Attempting to get to the o2 Academy for this evenings appointment with The Levellers was harder than expected, a combination of events going on in Birmingham city centre meant that we arrived over an hour after doors opening to find people still queueing to get in. Once we had made it inside we found pure chaos as the venue was so packed it felt like stepping into a sauna in the middle of December. Having been going to the academy since it made its new home in 2009 I personally had never seen it so busy and this was a clear indication that it was going to be an insane evening.
The Levellers, an English rock folk band from Brighton are currently doing a 25 year anniversary tour to commemorate the release of their album ‘Levelling the Land’, thus they were pulling out all the stops to make it unforgettable evening.
Looking around the venue I could see a huge array of people from all ages, even people that looked to be well into their 70’s on the barrier! It was amazing to see such a diverse group of people all waiting to enjoy the same music from one band. Eventually the wait was over and a video depicting UK political history was projected on the stage. This was met with a pantomime reaction of cheers and boos adding to the atmosphere for when The Levellers finally appeared on stage and rocked straight into action with their 1999 hit ‘One Way’.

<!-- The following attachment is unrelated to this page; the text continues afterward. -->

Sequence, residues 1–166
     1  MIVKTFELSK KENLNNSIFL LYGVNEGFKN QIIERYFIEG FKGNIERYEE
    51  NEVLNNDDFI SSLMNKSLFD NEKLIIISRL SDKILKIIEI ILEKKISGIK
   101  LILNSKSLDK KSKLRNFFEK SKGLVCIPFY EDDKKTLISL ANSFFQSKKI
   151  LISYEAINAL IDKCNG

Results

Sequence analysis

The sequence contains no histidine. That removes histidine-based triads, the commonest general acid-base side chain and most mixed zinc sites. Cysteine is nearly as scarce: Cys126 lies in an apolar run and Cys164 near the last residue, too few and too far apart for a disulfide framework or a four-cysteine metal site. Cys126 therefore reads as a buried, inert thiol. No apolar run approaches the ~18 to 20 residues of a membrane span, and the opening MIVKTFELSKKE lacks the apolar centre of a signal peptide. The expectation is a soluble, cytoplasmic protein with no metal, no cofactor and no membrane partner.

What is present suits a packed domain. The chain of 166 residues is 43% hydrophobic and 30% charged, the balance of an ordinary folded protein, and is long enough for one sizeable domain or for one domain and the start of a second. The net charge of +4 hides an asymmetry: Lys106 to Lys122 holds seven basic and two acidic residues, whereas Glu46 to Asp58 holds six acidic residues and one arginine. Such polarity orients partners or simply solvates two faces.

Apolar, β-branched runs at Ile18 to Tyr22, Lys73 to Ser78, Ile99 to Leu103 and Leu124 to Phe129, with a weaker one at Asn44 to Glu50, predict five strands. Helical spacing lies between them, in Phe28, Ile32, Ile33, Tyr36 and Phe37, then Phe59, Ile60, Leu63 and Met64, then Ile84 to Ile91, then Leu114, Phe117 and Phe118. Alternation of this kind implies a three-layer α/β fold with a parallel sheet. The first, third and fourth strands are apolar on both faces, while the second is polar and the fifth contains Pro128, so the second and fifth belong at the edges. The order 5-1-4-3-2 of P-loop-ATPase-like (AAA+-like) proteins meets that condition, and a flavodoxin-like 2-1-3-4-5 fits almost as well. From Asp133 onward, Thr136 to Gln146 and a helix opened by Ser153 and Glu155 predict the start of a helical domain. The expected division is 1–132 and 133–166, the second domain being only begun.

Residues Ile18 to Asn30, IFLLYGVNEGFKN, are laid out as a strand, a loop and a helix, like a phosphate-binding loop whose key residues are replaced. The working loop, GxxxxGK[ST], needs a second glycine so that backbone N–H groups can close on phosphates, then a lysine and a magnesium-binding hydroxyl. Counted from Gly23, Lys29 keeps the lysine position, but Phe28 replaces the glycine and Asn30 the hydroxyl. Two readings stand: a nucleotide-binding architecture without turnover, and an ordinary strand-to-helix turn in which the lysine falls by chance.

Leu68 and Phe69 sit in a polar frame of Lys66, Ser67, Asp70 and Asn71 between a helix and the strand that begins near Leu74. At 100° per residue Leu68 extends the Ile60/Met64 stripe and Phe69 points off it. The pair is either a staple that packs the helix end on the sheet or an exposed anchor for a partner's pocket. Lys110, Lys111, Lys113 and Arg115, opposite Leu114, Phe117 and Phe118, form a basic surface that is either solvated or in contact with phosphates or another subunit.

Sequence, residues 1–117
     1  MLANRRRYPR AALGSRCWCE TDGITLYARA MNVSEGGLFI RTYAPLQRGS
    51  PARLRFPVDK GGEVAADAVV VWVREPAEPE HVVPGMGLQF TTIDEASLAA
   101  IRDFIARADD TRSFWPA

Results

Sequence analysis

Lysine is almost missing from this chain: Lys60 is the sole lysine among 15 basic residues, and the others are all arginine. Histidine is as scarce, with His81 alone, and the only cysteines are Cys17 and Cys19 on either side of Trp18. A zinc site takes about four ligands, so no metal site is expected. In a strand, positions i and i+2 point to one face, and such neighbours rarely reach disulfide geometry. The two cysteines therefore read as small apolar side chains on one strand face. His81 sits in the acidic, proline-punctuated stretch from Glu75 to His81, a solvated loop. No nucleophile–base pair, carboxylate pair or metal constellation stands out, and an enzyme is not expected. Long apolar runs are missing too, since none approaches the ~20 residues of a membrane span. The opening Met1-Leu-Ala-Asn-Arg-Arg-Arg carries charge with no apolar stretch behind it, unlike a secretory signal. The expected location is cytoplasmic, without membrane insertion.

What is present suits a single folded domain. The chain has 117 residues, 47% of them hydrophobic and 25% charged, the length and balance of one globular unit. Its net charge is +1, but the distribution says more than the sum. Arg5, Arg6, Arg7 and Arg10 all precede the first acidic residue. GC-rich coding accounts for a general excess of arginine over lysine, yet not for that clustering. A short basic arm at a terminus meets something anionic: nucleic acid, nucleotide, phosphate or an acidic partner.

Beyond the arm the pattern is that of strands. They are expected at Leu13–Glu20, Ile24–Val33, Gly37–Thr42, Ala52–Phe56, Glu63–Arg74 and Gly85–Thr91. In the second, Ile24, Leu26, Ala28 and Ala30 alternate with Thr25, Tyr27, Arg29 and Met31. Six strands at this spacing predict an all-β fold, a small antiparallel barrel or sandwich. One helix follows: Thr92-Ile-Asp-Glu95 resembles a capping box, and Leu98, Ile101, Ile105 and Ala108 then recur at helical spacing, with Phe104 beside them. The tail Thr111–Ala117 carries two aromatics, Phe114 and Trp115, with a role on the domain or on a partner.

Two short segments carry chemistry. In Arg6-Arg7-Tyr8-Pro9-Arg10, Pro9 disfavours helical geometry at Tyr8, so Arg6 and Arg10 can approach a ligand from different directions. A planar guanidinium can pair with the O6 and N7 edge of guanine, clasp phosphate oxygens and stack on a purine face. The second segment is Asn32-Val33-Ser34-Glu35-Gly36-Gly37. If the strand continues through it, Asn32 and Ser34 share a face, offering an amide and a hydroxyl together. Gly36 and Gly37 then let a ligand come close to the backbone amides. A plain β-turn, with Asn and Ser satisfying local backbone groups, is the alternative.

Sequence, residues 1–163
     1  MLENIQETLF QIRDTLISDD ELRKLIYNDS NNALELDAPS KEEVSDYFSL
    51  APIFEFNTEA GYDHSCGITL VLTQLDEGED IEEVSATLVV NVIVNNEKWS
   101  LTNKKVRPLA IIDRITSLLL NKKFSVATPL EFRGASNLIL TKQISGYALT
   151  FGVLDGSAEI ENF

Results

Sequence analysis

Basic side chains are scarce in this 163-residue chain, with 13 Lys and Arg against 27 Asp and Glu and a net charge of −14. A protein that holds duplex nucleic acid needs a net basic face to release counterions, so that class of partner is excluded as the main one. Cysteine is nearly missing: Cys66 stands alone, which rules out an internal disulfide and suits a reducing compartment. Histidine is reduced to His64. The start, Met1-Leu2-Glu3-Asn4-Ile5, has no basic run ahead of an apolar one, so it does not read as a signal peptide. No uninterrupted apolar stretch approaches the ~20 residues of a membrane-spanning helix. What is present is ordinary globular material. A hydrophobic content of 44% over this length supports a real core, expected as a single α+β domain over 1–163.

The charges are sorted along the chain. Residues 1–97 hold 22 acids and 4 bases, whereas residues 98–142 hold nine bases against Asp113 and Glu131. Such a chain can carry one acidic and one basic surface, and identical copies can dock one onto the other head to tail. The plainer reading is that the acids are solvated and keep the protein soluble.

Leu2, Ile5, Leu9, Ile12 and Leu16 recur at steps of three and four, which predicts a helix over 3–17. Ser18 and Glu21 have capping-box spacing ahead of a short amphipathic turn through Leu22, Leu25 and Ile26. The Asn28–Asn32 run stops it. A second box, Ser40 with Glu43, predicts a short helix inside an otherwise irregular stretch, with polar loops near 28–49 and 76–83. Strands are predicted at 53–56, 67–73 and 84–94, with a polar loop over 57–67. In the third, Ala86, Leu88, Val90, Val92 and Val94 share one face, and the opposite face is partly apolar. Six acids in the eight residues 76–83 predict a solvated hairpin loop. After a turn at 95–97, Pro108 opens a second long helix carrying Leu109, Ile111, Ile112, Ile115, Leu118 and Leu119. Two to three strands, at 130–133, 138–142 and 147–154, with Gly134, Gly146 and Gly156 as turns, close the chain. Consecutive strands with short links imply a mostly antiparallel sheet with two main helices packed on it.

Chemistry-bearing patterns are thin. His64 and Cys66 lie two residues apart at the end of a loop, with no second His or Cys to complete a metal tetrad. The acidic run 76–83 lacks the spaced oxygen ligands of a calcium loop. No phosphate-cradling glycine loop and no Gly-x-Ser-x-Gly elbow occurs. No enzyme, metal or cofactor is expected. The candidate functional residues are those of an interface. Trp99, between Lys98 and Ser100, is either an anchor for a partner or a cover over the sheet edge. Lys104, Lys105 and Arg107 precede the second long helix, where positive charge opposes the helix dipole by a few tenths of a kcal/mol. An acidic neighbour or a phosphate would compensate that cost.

Following this was a trip down memory lane with songs from the 90’s making you feel like you’ve walked into some sort of time warp with the crowd singing along to every song without even noticing it had been 25 years proving these amazing songs have stood the test of time.
A personal highlight for me was when they played ‘Carry Me’, a song I often had playing on my Walkman during the abhorrent years of high school.
The entire evening was magical and impressive and for those lucky enough to have secured a ticket they certainly wouldn’t have been disappointed as the crowd were even treated to a double encore. Heres to another 25 years of this fantastic band.
Photographs: Chris Bowley
Review: Shaz Rafferty